Update (3/13/17): We have updated these posts to include health insurance premium subsidies and cost-sharing reductions to insurers. In this update, we also revised some estimates of refundable tax credits to include more recent and accurate data.
Improving California's Forest and Watershed ManagementReport Feb 16, 2017
The 2017-18 Budget: Higher Education Analysis
In this post, we describe the federal funding paid directly and indirectly to California local governments—excluding schools—and how those funds are used.
Local Governments Receive Funds Directly From the Federal Government and Indirectly From the State. As discussed in an earlier post, local governments—counties, cities, and special districts—received over $18 billion in federal funds in 2014-15. (For more information about the federal funding received by schools, see Post 4.) Of that amount, roughly $10 billion was passed on to local governments from the state and the remaining $8 billion was provided directly to local governments directly. Most of the federal funds from the state support county costs for health and human services programs, like Medi-Cal and CalWORKs.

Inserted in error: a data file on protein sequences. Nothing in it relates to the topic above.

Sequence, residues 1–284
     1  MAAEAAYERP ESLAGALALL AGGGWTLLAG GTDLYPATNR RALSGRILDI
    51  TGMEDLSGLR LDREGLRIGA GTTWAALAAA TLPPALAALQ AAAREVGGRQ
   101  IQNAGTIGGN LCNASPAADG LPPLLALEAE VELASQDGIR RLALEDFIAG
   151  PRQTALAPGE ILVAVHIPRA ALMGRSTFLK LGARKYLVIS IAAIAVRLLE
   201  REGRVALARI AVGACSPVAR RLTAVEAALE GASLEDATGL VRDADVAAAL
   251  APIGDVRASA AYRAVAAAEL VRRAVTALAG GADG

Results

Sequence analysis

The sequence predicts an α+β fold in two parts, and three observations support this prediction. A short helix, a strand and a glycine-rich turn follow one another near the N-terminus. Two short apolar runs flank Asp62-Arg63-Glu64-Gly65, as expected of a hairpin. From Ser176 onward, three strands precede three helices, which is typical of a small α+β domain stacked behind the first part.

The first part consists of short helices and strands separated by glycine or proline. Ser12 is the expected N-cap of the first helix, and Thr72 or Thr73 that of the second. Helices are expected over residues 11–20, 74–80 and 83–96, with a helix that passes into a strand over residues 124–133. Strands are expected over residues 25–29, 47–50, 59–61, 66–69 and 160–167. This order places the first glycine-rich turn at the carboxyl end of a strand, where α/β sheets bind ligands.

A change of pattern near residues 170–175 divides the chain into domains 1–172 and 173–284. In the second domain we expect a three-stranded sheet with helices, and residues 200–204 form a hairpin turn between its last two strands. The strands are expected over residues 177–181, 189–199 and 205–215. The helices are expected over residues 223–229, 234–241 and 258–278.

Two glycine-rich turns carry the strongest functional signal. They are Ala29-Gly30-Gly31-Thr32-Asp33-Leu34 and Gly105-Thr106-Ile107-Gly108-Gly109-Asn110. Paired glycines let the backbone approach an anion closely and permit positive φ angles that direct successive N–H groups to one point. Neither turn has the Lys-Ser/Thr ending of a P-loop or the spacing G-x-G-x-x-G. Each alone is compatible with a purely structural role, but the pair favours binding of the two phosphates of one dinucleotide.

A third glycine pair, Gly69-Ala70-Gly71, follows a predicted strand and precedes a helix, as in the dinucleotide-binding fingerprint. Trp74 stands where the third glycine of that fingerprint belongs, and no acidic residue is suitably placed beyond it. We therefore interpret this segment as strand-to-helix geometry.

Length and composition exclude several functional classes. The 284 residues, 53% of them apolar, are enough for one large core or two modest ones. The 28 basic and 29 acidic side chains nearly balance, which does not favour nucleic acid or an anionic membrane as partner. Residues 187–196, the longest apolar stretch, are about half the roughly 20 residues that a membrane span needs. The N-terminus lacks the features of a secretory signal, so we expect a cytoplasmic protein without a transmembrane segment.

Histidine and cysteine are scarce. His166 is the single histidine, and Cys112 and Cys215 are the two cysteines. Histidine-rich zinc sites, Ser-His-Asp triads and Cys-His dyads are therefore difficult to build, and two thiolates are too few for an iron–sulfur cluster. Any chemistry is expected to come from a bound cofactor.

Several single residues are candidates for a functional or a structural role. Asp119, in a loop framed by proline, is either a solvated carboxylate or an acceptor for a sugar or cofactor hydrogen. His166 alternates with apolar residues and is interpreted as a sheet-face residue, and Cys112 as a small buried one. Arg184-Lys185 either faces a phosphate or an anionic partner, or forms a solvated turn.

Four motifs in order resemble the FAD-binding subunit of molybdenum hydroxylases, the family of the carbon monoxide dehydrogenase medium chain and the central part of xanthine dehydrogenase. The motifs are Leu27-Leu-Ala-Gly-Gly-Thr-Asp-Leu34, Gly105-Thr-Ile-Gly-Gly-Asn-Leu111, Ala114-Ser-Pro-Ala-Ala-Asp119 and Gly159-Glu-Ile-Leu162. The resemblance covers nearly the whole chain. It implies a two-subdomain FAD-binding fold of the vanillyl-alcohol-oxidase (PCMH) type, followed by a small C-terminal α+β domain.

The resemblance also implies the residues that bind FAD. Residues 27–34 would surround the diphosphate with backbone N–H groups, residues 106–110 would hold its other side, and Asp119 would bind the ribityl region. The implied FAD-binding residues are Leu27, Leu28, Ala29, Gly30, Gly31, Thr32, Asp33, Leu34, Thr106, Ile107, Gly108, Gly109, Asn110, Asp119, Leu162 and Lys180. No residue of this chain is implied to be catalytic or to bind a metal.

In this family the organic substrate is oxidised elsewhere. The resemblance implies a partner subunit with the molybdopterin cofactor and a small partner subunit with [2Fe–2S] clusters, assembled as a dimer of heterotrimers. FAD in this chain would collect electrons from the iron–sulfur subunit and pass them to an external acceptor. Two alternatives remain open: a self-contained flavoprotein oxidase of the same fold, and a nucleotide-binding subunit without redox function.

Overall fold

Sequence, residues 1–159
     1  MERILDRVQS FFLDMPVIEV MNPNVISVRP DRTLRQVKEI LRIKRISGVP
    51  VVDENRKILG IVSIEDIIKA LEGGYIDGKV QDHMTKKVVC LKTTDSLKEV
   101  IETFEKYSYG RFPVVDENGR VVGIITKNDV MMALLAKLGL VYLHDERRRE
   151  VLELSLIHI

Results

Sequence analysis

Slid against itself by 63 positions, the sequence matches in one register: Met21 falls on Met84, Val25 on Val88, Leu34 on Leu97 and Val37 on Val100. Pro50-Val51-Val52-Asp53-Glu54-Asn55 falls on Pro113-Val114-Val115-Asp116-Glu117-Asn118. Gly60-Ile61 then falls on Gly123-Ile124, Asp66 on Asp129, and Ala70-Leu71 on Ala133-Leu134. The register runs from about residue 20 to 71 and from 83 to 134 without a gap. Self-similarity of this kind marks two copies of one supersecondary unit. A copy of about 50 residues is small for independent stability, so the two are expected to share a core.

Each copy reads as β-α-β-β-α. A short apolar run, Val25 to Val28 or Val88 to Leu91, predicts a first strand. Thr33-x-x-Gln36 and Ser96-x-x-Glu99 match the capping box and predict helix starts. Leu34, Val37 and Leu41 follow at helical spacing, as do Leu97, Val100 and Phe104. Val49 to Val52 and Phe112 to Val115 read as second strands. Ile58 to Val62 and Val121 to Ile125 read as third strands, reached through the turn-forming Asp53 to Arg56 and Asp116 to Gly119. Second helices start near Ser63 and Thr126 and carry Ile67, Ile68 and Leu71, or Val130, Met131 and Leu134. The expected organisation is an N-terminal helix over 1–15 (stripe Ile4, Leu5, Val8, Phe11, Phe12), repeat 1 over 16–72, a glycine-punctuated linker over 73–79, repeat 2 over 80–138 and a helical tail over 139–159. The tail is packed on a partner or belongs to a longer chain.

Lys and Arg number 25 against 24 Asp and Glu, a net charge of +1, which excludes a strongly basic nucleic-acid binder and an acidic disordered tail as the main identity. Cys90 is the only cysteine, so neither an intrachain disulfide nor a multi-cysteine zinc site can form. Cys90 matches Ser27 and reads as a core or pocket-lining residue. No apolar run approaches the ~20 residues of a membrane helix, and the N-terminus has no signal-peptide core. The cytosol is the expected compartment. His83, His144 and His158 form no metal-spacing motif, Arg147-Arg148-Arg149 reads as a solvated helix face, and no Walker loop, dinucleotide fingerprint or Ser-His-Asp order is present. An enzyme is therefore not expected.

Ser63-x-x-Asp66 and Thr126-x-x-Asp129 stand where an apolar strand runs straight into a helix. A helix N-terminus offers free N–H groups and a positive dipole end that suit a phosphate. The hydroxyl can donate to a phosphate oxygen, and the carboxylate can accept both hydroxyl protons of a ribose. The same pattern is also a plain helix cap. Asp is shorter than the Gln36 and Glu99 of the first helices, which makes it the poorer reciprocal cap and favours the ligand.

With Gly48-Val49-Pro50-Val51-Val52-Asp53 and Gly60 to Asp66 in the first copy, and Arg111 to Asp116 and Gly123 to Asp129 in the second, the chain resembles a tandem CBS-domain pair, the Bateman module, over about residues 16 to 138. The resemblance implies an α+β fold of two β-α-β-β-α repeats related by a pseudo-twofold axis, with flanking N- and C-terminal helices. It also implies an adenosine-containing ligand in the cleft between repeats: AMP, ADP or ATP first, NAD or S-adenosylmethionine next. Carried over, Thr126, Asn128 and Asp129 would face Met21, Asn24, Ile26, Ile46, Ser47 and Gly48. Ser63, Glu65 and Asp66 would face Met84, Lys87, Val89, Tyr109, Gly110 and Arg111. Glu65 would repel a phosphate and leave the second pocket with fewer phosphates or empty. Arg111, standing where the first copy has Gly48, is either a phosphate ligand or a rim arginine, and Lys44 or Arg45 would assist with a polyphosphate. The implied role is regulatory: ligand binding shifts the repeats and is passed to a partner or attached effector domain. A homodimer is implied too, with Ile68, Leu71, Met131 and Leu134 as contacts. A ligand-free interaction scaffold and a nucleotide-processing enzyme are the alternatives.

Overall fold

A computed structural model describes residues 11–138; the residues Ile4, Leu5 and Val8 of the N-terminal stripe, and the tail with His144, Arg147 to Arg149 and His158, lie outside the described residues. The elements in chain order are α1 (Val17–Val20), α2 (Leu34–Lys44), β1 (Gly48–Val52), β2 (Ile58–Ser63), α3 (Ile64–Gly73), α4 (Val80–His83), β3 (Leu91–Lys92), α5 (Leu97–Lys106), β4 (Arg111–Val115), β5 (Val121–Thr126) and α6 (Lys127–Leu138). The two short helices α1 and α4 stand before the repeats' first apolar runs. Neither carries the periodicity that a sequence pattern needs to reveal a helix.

Northern California Counties Receive the Most Funding Per Person. While the state’s most populous counties—like Los Angeles and San Diego—received more federal funding than rural counties, northern counties received more federal funding per person, as shown in Figure 1. Of the $18 billion received by local governments, counties received over half ($10 billion). (San Francisco, which is a city and a county, is included in our discussion of cities below.) The northern counties received more federal funding on a per-person basis in part because these counties have relatively small populations and received larger amounts for national forest related payments and other grants.
Counties’ Federal Funds Primarily Support Health and Human Services Administration. Figure 2 shows the categories of federal funding received by counties. As mentioned above, the majority of federal funds to counties are to support health and human service programs. For some of these programs, like Medi-Cal, counties administer the programs by determining individuals’ eligibility and processing enrollment. For other programs, like CalWORKs, counties also provide services directly to individuals. Of the other grants and programs for which counties received federal funding, the largest was for road projects ($190 million).
Cities and Special Districts Receive Almost $8 Billion in Federal Funds. Cities received over $4 billion in federal funds in 2014-15. The federal Community Development Block Grant—supporting local housing and economic development activities—was the single largest program for which cities received federal funding ($231 million). Special district—like libraries, parks, and water districts, among others—received the remainder of the funds. Of this amount, over $850 million went to transit districts, which typically provide public bus and rail systems.